GPI: What priorities would you like to see the new German government set in German development cooperation?

Dirk Messner: We definitely need to go beyond climate protection. We need a counterpart to the European Green Deal. I am a big fan of the European Green Deal. You can criticise minor details, but overall, it is a very ambitious programme that Europe has set up for itself and that we have thankfully managed to get through the Covid-19 crisis. At the beginning of the pandemic, I was very worried that everything ‘green’ and ‘climate’ would be forgotten because it was all about growth, growth, and more growth. That’s what happened ten years ago during the international financial crisis. This time it hasn’t happened. The European Green Deal still stands and is being financed and advanced. That’s very important. But we now need a Joint European-African Green Deal. I have just indicated the reasons for this. We should quickly begin to expand European development cooperation in this direction. I would very much like to see that. And from the point of view of climate protection, we need major global initiatives in the forest sector, because time is running out. In Glasgow, a coalition has emerged that has taken up the cause of forest protection. That’s really good. We need such initiatives in many areas. We need initiatives to limit desertification. We need initiatives to stabilise the sink function of ecosystems. Everything we are doing so far is too small-scale; we have projects and individual initiatives, but if you look at the numbers we have to reach, it is not enough. That’s why we need global initiatives to protect ecosystems in different areas so that we can become climate resilient as a whole.

GPI: Does this warrant a climate ministry?

Dirk Messner: We certainly need a ministry that can deal with different dimensions of climate protection. I think that renewable energies should be included in the BMU. After all, they are a very important area of climate policy. I can also well imagine that urban development will be reintegrated into the ministry. It used to be part of the BMU and is currently in the Ministry of the Interior, where it is somewhat neglected. If energy and urban development were integrated into the BMU, we would have all central aspects of climate protection in one ministry. This could then be the core of the transformation process within the federal government. I can also imagine that, in the future, important legislation would have to be certified by the BMU to determine whether is compatible with the climate protection goals of the federal government.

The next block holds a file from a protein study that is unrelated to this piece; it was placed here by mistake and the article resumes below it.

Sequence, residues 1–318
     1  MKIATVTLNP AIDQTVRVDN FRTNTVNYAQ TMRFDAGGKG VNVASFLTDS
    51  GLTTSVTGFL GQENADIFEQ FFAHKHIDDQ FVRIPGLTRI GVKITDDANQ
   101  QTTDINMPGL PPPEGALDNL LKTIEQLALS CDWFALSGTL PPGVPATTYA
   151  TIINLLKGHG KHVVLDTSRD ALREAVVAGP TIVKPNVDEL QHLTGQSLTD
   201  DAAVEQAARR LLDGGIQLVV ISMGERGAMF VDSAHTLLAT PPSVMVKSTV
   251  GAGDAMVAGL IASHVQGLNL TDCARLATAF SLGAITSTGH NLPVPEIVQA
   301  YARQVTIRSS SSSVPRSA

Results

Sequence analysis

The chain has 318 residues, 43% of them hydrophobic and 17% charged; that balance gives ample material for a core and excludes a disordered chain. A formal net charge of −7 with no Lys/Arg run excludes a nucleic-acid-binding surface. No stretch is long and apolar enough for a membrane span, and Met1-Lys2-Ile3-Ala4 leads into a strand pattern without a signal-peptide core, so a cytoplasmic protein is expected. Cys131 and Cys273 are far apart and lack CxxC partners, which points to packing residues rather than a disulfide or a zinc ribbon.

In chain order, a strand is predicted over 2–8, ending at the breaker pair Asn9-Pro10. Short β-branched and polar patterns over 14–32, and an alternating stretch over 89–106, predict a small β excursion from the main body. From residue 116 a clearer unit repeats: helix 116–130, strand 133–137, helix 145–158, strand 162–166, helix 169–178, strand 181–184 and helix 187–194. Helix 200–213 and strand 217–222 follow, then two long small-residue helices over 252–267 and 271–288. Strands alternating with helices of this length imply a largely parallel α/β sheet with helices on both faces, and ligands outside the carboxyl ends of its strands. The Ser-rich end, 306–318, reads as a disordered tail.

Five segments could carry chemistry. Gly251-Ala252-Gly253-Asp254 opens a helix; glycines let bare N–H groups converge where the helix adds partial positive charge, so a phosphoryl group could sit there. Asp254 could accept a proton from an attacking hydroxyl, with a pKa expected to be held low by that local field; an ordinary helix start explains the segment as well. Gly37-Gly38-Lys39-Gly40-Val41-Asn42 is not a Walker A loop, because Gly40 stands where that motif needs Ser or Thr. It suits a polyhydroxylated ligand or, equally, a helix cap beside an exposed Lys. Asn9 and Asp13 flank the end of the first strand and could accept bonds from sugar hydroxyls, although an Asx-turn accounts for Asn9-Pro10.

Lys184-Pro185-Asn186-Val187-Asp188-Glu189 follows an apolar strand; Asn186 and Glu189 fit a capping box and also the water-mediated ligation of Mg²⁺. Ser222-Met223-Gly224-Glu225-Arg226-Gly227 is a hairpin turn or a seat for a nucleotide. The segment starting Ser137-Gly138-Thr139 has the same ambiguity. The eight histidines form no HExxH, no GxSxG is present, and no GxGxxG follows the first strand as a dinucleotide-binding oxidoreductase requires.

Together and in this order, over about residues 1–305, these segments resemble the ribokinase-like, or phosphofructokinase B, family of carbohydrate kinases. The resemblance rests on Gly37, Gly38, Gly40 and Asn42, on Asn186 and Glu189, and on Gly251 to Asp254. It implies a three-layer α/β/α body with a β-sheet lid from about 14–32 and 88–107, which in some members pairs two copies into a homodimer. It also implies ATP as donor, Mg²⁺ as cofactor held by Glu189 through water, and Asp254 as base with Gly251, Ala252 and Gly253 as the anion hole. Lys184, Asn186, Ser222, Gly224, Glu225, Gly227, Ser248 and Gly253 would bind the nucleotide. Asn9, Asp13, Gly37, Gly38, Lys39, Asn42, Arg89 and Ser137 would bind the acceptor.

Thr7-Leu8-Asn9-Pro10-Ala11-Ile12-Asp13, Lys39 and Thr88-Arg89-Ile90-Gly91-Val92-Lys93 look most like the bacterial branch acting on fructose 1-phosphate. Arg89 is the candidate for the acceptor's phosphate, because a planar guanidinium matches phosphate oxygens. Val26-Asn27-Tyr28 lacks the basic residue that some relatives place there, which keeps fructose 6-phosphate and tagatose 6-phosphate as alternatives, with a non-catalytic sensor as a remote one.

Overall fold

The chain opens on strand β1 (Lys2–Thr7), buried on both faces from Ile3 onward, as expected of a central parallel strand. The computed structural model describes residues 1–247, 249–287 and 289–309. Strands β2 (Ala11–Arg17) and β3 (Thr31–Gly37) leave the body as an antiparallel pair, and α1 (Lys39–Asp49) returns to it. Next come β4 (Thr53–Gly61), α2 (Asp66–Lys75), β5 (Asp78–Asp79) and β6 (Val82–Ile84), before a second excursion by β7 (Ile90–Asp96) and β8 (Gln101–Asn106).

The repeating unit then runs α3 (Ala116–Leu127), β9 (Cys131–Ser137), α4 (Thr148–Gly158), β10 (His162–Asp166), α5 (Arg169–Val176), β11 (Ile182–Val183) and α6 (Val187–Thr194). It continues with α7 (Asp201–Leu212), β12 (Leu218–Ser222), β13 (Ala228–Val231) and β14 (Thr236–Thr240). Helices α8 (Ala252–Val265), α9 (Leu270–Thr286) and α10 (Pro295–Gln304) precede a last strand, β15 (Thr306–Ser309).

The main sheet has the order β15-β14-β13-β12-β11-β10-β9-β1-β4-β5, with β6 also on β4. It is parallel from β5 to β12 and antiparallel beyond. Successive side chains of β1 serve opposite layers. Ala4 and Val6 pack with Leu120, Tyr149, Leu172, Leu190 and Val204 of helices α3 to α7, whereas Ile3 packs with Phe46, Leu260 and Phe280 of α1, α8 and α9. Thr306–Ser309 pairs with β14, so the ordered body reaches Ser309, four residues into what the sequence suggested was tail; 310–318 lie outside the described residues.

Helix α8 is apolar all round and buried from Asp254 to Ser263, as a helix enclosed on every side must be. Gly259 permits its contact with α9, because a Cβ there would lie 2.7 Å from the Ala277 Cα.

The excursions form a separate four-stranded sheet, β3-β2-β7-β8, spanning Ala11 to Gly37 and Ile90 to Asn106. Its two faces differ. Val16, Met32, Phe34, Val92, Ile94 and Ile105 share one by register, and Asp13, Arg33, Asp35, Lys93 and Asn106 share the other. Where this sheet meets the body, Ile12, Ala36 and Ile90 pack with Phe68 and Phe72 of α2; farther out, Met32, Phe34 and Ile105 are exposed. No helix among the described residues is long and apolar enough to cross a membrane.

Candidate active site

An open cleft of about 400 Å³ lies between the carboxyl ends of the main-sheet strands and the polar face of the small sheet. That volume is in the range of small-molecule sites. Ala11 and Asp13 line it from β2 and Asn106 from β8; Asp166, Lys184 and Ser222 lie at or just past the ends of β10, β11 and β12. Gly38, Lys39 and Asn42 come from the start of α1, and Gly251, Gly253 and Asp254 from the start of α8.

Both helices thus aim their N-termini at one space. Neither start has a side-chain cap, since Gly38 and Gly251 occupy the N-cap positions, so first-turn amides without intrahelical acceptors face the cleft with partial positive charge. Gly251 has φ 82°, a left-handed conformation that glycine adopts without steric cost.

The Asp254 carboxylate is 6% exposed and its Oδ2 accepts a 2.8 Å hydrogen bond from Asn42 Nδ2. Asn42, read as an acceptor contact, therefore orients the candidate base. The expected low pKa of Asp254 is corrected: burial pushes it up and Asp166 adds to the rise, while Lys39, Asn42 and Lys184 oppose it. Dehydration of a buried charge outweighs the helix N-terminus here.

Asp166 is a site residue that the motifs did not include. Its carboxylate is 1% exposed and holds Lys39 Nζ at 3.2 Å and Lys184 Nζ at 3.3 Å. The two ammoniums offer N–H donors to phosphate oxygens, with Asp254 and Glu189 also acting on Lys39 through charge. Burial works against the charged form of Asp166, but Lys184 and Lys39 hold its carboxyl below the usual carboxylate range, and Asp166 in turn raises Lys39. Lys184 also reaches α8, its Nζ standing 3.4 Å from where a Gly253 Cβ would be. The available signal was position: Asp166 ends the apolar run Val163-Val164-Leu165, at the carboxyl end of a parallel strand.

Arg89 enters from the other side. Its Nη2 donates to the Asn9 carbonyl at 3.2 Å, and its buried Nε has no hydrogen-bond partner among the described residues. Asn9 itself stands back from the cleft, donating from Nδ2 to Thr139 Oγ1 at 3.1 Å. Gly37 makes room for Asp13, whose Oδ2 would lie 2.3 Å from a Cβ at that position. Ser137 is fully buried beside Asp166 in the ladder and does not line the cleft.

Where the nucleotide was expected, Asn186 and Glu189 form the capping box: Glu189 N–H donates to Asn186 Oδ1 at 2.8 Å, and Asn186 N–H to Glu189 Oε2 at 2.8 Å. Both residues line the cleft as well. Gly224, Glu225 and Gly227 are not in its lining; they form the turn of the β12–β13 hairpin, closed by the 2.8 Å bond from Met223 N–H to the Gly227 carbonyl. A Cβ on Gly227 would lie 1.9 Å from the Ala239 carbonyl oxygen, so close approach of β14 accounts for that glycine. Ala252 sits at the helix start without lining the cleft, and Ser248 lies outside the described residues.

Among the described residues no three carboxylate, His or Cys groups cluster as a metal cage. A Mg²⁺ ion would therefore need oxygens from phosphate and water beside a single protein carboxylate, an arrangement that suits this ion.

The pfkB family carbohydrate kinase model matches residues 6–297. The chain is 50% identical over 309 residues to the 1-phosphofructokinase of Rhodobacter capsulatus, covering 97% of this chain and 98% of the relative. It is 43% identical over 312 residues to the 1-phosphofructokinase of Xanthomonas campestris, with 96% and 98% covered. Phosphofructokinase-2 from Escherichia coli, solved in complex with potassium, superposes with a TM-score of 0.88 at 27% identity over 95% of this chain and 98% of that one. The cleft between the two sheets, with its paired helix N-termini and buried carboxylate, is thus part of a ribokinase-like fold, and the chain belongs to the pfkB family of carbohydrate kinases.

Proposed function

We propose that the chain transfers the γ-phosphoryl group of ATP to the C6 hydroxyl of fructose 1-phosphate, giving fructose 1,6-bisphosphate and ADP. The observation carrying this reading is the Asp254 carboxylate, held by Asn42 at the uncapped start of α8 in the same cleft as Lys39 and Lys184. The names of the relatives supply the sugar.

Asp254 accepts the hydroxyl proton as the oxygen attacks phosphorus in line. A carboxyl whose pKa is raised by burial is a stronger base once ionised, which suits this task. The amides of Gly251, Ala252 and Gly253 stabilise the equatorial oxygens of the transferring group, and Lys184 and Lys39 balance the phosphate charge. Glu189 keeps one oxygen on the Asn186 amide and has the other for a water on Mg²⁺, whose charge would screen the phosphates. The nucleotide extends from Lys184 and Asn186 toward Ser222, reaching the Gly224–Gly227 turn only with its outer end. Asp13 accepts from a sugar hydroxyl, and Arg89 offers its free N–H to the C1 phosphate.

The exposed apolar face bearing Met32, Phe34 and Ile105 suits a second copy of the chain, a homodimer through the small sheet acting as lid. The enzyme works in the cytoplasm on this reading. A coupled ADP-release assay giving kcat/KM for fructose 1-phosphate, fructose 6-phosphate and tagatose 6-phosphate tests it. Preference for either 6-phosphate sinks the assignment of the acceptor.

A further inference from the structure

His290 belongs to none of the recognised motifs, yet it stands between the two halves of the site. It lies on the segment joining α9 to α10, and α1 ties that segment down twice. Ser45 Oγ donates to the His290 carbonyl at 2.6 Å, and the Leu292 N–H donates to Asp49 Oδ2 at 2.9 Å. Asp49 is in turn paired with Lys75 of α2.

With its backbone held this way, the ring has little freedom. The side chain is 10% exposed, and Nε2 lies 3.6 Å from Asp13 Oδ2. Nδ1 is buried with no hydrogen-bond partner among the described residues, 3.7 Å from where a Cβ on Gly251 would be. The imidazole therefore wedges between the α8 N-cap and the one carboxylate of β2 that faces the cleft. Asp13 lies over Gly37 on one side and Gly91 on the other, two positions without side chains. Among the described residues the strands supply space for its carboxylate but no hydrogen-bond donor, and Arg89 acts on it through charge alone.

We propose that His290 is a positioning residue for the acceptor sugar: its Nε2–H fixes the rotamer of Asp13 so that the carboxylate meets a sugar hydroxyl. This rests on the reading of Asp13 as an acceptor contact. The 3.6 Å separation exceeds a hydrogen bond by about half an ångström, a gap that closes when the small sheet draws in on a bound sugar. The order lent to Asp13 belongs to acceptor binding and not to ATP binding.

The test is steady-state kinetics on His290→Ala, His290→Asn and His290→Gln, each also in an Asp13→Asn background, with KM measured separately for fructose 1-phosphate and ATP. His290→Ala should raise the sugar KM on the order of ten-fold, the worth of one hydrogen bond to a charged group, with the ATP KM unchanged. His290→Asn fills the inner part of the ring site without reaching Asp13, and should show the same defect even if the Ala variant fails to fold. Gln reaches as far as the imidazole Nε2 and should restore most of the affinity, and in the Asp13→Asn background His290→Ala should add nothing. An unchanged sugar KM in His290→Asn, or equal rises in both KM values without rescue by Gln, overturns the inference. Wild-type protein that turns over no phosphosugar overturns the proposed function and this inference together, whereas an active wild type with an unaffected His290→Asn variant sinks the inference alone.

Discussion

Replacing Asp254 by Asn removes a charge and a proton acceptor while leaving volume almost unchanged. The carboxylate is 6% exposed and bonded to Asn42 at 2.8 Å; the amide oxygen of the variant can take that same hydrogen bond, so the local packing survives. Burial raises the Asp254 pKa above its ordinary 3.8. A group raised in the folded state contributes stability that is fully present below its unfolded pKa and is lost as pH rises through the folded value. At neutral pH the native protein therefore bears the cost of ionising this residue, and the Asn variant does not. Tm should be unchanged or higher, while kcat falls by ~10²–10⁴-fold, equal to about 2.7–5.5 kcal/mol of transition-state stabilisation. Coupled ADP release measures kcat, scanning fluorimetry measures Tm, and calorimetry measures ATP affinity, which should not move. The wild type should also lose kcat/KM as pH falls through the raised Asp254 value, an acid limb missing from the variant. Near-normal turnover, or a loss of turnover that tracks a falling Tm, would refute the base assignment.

GPI: An interesting idea. Thank you very much, Mr Messner, for your time and your thoughts. Now a general question: Have we forgotten something, or would you like to highlight another point?

Dirk Messner: We have talked a bit about a climate ministry; perhaps we could conclude by saying once again: All ministries must get on track, otherwise we won’t make it. For that, we need a cabinet that can move the whole thing forward.

GPI: You were talking about the climate ministry, but shouldn’t this be tackled in a much more inter-departmental and inter-ministerial way?

Dirk Messner: We need a climate ministry as the core of climate policy initiatives. But beyond that, climate protection must be advanced in all sectors. That’s why all ministries must shift their policies towards carbon neutrality. It needs to be a concern of the entire federal government. For this to succeed, we need a climate chancellor. I very much hope that Olaf Scholz will find this climate chancellor in himself and bring it forward. We need a chancellor who will advance and coordinate the ministries towards of carbon neutrality. For the last four years, the BMU has tried to advance the issue of neutrality. Nothing really progressed in the Ministry of the Interior and Building; and the Ministry of Transport tended to work in the other direction. That wasn’t going to make climate protection happen.

GPI: Then, let’s hope for better times and remain optimistic.

Dirk Messner: By all means.

GPI: Wonderful. Thank you very much again and we wish you successful negotiations next week in Glasgow!

Dirk Messner: Thank you! We are all doing our best and hope that something good will emerge.